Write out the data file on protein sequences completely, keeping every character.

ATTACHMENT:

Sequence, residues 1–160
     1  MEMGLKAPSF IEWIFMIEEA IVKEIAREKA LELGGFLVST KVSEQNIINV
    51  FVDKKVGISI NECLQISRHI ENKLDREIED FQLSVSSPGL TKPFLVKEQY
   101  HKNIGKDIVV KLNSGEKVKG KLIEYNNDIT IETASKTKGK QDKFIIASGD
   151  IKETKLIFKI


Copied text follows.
Sequence, residues 1–160
     1  MEMGLKAPSF IEWIFMIEEA IVKEIAREKA LELGGFLVST KVSEQNIINV
    51  FVDKKVGISI NECLQISRHI ENKLDREIED FQLSVSSPGL TKPFLVKEQY
   101  HKNIGKDIVV KLNSGEKVKG KLIEYNNDIT IETASKTKGK QDKFIIASGD
   151  IKETKLIFKI